Inspiration

By Charles Towne




“Mr. Towne, how would you like to have a wolf?”



And thus it began.



Egore was his name. 

Somebody had purchased him in British Colombia, Canada.

 

The seller had killed the tiny wolf pup’s mother, sparing the pup with the idea of selling him to some gullible bleeding heart in the states.



Egore grew up in captivity, and over the next three years, he traveled from B.C. Canada to Montana, and then to Michigan; shuffled back and forth until he came into my temporary care.



Egore, 120 lbs. of energetic wolf molecules wrapped in a lovely gray fur coat would make an interesting addition to my menagerie of wildlings, primarily made up of my half-wild familial brood comprised of my little girl Faithy, and three males, Chuck Jr., Theodore, and Russy. 
 


From the time of his capture, he had never known what it was to run wild and free as he was meant to be.

Confined by a heavy chain his life was anything but that which he was intended to be.



Somewhat intimidating to the uninitiated, there was no mistaking his ancestry.



I will never forget the evening the lady came to the house trying to sell me some life insurance. 

My family and I were all seated around the kitchen table listening to the lady’s sales spiel. I had told her upfront that she was wasting her time, after all, what did I need life insurance for?

 She droned on, and on, and on in an effort to reduce us into walking zombies, or a comatose state, whichever came first.



She knew that I couldn’t hold out much longer.  

She was about to hand me her pen when, as if on cue Egore enters, stage right.

 Quiet as a ghost he padded across the room, and stood at the lady’s side with his chin resting on the table, staring into her eyes.



She glanced at him, reached out and patted him on the head; and said, “Nice doggy.” and turned back to me. Then she became very still as she turned back to Egore, and in a very still voice exclaimed, “Oh my goodness, it isn’t a dog is it?

”

Without any expression, I said, “Nope, wolf.”

We were all somewhat surprised by how quickly the insurance lady vanished, and no; Egore didn’t eat her.


There were those times when he would stand and stare into the distance, into infinity; or so it seemed.  I wondered what he was sensing at those times?

 Could something have been pulling him, drawing him back to the wild where he belonged?



At such times as this, he would vocalize. 



Why does a wolf howl?  Does he, out of the foggy mists of past generations of his kind feel a summons back to the wild?


We were closing in on a home for Egore.  There was a captive breeding program in a western state that was very interested in our male. 



They told me that they were in the process of finishing a compound comprised of several hundred acres where a semi-wild wolf pack would be allowed to run in comparative freedom, and they wanted to pick him up in the next two weeks.



Wild animals are just that, wild animals.  Be it a badger, or a bear; it is a wild animal.  All of its being is wild, and it belongs in the wild.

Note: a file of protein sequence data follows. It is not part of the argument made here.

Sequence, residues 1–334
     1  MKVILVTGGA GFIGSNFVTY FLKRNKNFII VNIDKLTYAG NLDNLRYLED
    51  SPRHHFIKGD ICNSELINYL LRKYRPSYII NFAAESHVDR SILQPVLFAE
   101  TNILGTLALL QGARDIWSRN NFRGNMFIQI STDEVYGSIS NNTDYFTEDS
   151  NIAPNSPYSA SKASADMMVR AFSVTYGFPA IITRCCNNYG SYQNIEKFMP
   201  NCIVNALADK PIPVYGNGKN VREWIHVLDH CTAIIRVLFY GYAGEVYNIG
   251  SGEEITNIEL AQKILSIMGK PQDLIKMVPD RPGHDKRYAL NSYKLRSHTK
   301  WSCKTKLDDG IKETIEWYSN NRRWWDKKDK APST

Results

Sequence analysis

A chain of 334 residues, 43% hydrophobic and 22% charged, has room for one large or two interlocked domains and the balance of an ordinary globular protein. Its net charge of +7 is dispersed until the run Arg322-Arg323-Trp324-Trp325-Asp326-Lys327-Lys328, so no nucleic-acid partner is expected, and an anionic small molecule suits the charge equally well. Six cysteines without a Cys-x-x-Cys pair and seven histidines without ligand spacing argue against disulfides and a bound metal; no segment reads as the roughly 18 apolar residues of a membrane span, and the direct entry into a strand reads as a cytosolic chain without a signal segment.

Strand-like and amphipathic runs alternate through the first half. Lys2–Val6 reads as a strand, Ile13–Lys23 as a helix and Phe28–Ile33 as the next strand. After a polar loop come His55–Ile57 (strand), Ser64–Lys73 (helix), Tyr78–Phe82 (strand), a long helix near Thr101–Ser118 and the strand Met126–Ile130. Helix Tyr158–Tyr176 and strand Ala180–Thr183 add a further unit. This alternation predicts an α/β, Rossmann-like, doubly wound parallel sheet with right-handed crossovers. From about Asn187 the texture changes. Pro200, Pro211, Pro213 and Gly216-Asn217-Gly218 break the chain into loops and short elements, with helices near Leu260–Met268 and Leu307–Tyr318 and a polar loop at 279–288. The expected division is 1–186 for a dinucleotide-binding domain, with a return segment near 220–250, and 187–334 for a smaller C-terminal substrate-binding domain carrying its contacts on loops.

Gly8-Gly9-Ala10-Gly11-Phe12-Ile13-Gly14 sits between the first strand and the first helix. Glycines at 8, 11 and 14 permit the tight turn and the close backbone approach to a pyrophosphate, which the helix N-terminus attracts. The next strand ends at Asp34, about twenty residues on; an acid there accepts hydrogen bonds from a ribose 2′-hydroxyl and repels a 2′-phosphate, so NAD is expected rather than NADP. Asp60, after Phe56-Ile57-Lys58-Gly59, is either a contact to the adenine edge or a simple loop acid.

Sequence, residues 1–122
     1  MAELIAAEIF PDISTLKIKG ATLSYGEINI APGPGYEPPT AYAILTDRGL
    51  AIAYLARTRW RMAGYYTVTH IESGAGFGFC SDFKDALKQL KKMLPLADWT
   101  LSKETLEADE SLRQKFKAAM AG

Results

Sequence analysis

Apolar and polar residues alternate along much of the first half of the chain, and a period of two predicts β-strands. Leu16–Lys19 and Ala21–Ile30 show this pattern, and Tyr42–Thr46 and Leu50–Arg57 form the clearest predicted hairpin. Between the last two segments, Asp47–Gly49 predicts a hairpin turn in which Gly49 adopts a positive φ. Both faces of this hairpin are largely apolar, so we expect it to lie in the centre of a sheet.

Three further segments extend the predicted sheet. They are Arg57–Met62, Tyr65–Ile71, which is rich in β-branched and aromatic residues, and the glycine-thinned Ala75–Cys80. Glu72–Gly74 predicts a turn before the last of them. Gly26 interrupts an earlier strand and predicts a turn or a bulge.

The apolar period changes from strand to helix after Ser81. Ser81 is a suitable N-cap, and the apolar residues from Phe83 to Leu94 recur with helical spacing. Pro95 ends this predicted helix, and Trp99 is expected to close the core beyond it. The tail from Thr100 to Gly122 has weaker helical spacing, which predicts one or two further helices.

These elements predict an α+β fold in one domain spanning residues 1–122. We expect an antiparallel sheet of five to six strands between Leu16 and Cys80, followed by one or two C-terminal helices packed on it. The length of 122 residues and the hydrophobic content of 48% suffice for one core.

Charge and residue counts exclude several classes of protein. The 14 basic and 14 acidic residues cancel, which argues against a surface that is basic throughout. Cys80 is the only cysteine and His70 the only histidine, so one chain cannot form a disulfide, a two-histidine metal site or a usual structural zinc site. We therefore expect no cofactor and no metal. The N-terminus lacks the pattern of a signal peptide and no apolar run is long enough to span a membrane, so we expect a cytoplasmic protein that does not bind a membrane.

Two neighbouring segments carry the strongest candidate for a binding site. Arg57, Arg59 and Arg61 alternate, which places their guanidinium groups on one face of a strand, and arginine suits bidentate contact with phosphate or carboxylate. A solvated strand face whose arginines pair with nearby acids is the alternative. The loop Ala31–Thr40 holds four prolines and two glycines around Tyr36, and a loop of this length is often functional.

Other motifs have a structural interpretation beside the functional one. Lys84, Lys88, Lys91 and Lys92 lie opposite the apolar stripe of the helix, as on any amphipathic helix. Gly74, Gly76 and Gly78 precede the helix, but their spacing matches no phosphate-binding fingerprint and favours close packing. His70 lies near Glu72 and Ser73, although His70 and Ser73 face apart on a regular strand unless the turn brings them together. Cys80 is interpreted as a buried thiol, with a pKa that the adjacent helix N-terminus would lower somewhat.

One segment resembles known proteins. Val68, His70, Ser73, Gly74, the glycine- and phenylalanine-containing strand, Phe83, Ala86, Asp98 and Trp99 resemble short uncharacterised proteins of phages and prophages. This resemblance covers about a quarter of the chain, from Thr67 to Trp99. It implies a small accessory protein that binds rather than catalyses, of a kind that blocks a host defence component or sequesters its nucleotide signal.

People that have the idea that a wild animal will make a wonderful pet are deluded, and sooner or later, either the human or the animal pays the price.

 The glamour of owning, possessing, a wild animal is not so glamorous when that which was once a vibrant, and beautiful creature is lying dead with a bullet in its brain.


When the children were playing Egore would lay and watch them, until that day when one of my sons ran past him. 

It could have been bad, very bad.
  Only by the grace and intervention of a merciful God did it end up the way it did.

One moment the boy was running, the next he was laying on his back with Egore on top of him; those powerful jaws clamped on my son’s throat.



I shouted, “No Egore, No!”



The wolf shifted his eyes to mine, and I could see the wildfire in those gold green orbs. He stared at me for a moment longer, and then that fire dimmed and vanished. 



He stood, sniffed at my son, nuzzled him playfully, walked a short distance away and sat down, watching me all the while, after all, I was the Alpha animal in his pack.



I retrieved my son who was not injured in any way other than a bit of wolf drool. 



From my understanding Egore lived out his life out west in the confines of that large compound with others of his kind, but wouldn’t it have been better if he had been allowed to roam free where he was intended?



Dear Papa God, we thank you for watching over us and preserving us.  If we could see the times that you have intervened and by your doing so we have lived somewhat long, if not normal lives.  Praise you Father, and thank you for your magnificent love, Amen


Charles Towne is first and foremost a Christian. An octogenarian, author, journalist, wildlife photographer, naturalist, caregiver, and survivor, his life has been and continues to be, a never-ending adventure filled with possibilities never imagined. He has adopted the philosophy that to Live fully, laugh uproariously, love passionately, and learn like there is no tomorrow, is a formula for a long and joy-filled life.